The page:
Daymond John: [00:15:30] Yeah, sure. You know when I'm talking to big corporations and one thing that is disappointing to me, it's natural to happen because big corporations have so many things going on. And don't get me wrong, I think the people who work in a corporation work just as hard as the entrepreneur because you have a lot of moving parts there and you have to deal with sensitive people and policies and things of that nature. And when I'm talking to big corporations, and they say, "Hurray. Hurray. Hurray." And they all go back and they don't do anything about it. It's [00:16:00] a little disappointing, but it's hard because what they have to do is they have to ... What I try to get across to these individuals at the big places is, it starts from the top down and innovation is not something we can all just sit in a room and say, "Hi everybody. Let's be innovative." That's not the case.

It's when everybody from the kid in the mail room all the way up to the CEO, has an ability to input what they see as a lack of something being done or something they're really excited about and then they share it with everybody, it doesn't get [00:16:30] knocked down, but other people bring other aspects to it. Hey, you should think of this. Hey, you should think of that. And that's what I try to share with people. That's what the fundamentals are of business. Innovation is two and three and four people getting together and finding the best way to work things out.

And sometimes innovation starts with just changing around the way the office is situated. Stop having everybody in these corner offices where they don't talk to everybody and they don't know who everybody is. Stop telling people they get penalized if they try something. [00:17:00] I look at some of the best practices out there, when Google says that one day out of the week you're supposed to work on anything you want to work on. When you start finding out that 10 and 20 and 40 people are working on one project that they really love, just because that's what they're all drawn to, you start to look at, well why aren't we implementing this in our system?

So, that's what I choose to talk about when I talk to corporations. When I talk to everyday individuals, I try to explain to them if stop trying to do keeping up with the Jones's. Stop trying to compare your blooper [00:17:30] reel to everybody's sizzle reel and you think everybody else in the world is doing great. They're not. They have the same challenges that every single one of us have and you have to stay your course. Come up with a strong culture in the beginning. Stick to your guns, but you have to act, learn, and repeat. You have to take small steps so that you can recover from them small steps and you are going to get closer to your target and your mark. And those are the two type of individuals that we speak to and those [00:18:00] are some of the fundamentals I try to share with them.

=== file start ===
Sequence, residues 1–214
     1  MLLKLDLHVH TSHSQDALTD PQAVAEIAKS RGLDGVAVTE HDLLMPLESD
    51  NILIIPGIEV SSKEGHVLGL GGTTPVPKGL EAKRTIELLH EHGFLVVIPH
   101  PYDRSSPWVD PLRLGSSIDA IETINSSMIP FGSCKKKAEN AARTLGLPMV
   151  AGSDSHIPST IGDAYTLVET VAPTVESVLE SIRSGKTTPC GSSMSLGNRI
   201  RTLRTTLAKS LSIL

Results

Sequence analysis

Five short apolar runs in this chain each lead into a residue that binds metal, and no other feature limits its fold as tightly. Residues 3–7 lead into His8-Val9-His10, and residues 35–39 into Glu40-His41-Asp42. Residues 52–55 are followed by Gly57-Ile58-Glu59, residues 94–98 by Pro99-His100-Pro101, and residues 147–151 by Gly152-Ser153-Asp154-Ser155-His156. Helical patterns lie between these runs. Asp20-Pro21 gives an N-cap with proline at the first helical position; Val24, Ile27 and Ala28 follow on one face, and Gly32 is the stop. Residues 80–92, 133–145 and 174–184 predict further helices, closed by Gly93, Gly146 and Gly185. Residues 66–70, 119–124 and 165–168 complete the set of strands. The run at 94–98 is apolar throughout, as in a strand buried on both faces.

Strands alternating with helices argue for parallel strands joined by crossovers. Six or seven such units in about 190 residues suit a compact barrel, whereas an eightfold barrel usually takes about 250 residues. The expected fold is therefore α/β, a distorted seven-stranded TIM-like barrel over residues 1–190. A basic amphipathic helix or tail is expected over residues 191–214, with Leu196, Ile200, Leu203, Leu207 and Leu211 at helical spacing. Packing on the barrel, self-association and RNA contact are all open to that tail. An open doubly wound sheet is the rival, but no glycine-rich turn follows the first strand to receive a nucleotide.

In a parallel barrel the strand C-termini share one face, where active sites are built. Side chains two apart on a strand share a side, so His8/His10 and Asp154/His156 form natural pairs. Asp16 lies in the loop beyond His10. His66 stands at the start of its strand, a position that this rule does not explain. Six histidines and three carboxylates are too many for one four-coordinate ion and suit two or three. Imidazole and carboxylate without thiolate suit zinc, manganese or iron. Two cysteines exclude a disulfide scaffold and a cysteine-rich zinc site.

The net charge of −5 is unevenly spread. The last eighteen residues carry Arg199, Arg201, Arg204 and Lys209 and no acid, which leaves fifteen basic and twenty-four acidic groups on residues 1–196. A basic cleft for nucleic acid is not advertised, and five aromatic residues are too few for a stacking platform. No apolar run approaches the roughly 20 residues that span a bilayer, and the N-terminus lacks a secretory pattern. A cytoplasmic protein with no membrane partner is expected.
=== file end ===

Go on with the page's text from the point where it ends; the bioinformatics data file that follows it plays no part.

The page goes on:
Kyle Davis: I mean I could probably talk to you for hours on both of those things. I'm a huge fan of innovation and there's just a lot that we can discuss, but I know that you're kind of short on time. So I want to segue into your new book and I kind of have a funny story to tell. But one of the things as a former sales manager for a few different tech start-ups was in Silicon Valley and New York, that I've always had the thing. My issue with was when I walked into the salesroom, if it's quiet, it's not a good day. And the funny thing is one day when you [00:18:30] come into the office at GDA, it was around the lunch hour, and you said like the dreaded phrase, "Who's on the phone?" Or, "Why is it so quiet?" Something like that and it was just like my heart sunk. But I knew what you were getting at.

And I think that's kind of a good segue into the new book, which is titled Rise and Grind and from there I think the subtitle is, How to Outperform. How to Outwork. How to Outhustle the Competition. So, what's it about and what are some kind of key teasers that people should know about?

Daymond John: [00:19:00] Yeah, and I'm glad that you brought that up. I mean yes, when you walk into a salesroom and it's quiet, there's a problem. You don't want people who are order takers. You want people who are order makers. And my last book was called Power of Broke and it was the concept of, all right stop using the fact that you don't have money as an excuse. I want you to walk up to your issues like I don't have money, but where are my other slack resources and what else can I bring to the table and you have nothing to lose. And you'll start to notice that most people that are successful have the same [00:19:30] mentality.